Our Elementary community had a busy fall celebrating and learning about holidays.
We were treated to delicious Challah, hand braided by Mrs. Paseltiner, at the time of Rosh Hashanah, the Jewish New Year. She taught us how the intricate braid is woven with bread dough.
We practiced a song to present on the day of the Fall Fest and the children individually planned their costumes for the parade with the help of their parents. We learned about the origins of jack-o-lanterns and All Hallows Eve. When the day came, the bright sunshine made the celebration warm despite chilly temperatures. The fanciful anthem, “Spooky Scary Skeletons”, proved to be more on the charming, rather than “spooky”, side. We enjoyed outside games of Father Scarecrow and Pumpkin Treasure Hunt and indoor games of Bobbing for Apples, Pin the Nose on the Witch, and distinctively Montessori Halloween Command Cards. It was especially fun to host our parents as guests in our classroom as we played games and made our picture frame crafts.
Festival of Lights
Just after the last straws of hay were swept from the parking lot, it was time to enjoy the lovely presentation of Diwali by parents and children of the Primary Class. It was an honor to be treated to the colorful and joyful tradition of the Festival of Lights celebrated by Indian people around the world. The colorful costumes, fascinating candles, traditional story, and songs captivated our imaginations. We enjoyed traditional Diwali music during our lunchtime listening.
As Thanksgiving approached, we delved into the history of harvest celebrations and the origins of Thanksgiving as an American holiday. Did you know that the author of “Mary Had a Little Lamb”, Sara Josepha Hale, was the person most responsible for Thanksgiving being made an official holiday in our country? Mrs. Barr shared a traditional Christian hymn, “Come Ye thankful People Come”, which references the ancient tradition of “Harvest Home” festivals. We began a read-aloud of Stranded at Plimouth Plantation 1626 by Gary Bowen which revealed the everyday details of life in that early New World settlement through the eyes of a 13-year-old boy.
Assisted by our families, we prepared baskets of Thanksgiving bounty that we delivered to Phoenixville Area Community Services (PACS). We made tasty apple tarts for our families and the building staff. Once again, our parents were our guests in our classroom as we shared our Gratitude Tree and assembled jeweled ears of corn. The whole school community joined in the Fellowship Hall to sing “Over the River and Through the Woods” and share the things for which we are thankful including pets, parents, friends, and experiences.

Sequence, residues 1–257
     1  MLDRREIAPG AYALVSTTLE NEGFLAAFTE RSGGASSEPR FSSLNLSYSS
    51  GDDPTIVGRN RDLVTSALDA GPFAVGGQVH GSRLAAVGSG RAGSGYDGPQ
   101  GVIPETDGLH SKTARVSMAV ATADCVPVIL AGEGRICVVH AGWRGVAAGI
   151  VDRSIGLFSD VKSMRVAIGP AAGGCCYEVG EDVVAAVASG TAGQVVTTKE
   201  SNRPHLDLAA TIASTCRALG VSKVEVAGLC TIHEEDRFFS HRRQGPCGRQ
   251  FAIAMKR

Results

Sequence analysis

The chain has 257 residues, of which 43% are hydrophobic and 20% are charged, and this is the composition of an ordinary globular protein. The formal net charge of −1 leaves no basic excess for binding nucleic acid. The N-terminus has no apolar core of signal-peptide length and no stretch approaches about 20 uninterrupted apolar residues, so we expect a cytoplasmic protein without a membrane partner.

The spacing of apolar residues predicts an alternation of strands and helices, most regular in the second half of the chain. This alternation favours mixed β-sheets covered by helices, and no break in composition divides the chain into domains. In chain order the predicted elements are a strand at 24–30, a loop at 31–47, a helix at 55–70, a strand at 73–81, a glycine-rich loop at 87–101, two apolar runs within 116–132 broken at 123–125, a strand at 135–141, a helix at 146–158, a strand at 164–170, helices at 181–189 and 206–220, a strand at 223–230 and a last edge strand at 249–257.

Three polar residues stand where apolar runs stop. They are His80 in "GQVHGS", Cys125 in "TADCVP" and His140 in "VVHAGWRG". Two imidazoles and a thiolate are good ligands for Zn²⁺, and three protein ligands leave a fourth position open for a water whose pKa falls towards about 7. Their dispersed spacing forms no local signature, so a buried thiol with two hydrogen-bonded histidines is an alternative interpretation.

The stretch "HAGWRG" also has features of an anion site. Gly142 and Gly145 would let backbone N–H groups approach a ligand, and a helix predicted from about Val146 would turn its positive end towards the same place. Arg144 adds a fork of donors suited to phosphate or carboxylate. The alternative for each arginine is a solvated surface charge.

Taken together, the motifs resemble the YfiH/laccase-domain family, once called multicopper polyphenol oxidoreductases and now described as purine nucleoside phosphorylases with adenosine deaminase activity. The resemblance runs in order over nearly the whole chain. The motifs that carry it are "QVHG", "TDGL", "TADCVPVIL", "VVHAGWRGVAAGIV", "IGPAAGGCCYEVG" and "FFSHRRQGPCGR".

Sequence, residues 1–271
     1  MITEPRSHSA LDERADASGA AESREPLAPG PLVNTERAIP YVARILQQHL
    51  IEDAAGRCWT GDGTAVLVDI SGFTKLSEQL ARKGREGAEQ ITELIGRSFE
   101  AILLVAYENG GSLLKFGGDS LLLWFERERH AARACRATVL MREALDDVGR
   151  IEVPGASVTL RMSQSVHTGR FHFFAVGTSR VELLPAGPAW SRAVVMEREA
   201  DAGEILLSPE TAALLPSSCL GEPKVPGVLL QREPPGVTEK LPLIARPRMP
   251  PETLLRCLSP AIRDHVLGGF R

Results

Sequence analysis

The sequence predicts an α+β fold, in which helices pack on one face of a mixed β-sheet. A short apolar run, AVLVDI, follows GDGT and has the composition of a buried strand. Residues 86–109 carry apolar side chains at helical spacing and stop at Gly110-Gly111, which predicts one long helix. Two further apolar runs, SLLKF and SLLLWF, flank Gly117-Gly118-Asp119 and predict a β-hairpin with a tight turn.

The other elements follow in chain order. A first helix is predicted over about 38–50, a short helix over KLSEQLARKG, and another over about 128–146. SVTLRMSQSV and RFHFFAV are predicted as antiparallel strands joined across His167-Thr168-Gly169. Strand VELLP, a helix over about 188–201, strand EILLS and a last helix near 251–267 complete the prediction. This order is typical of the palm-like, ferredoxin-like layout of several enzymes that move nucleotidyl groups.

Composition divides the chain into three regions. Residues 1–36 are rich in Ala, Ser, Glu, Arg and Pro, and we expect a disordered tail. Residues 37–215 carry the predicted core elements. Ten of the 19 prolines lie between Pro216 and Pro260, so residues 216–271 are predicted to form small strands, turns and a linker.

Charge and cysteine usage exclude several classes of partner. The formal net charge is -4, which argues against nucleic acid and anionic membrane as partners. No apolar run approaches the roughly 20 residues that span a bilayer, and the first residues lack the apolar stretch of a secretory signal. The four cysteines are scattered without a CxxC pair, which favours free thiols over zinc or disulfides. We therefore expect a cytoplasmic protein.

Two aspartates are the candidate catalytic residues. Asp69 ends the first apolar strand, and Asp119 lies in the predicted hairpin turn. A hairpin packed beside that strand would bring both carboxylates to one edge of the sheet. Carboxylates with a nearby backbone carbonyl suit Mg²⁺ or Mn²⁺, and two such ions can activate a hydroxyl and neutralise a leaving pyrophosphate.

The holiday excitement continued immediately after the Thanksgiving break as we learned from our classmates and teachers about Hanukkah, the Jewish Festival of Lights. We were again the guests of the Primary Class as one of their parents, a Rabbi, told us about the magic of Hanukkah, the Dreidel Game, and the special ritual of lighting the Hanukkah Menorah.
Back in our Elementary classroom, Mrs. Paseltiner shared a more detailed history of the brave Maccabees and their defiance of the wicked usurper, Antiochus. Mrs. Barr also revealed the Jewish-Christian connection recorded in the Gospel of John, when Jesus walked in the Temple, in Solomon’s Porch during the “Feast of Dedication”. Mrs. Paseltiner explained the artistic traditions exemplified by various “Hanukkiahs”, the special 9-lamp menorahs used to celebrate the feast and we enjoyed tasty latkes, which she expertly prepared. A read-aloud of Hershel and the Hanukkah Goblins and a week of Hanukkah music, both profound and fanciful, during our lunchtime listening further extended our understanding.
Christmas celebrations came fast on the heels of Hanukkah. We started our Christmas fun in mid-December with each child writing out a card to be drawn by a classmate for a “Pollyanna” with the voice of Pennsylvanian, Perry Como, noting that it was “Beginning to Look a Lot Like Christmas” in the background. The challenge of keeping these drawn names a secret in such a small class was met and there were true surprises when the day of exchanging gifts arrived! The children had other opportunities to experience that it is more blessed to give than to receive as they made tealight candles for loved ones and ornaments that listed the first names, ages, and wishes of families who would be served by PACS. The ornaments were placed on a Giving Tree at the school entrance and all of the VFKH families participated in selecting and wrapping these gifts.
A week of enjoying Advent music with five very different iterations of “O Come, O Come, Emmanuel”, making paper chains to decorate our room, baking and sharing cookies, doing a student-initiated research presentation on the origin of Santa Claus, and listening to “The Nutcracker” and “A Charlie Brown Christmas” during our weekly classroom cleaning gave us a well-rounded experience of holiday traditions. Going caroling to the Primary Class to sing “Dona Nobis Pacem” in two parts, “A Visit from St. Nicholas” and the Gospel of Luke, Chapter 2 led up to Santa Claus paying our classroom a visit and a carol sing-a-long. It will be said that the Elementary Class “knew how to keep Christmas well”.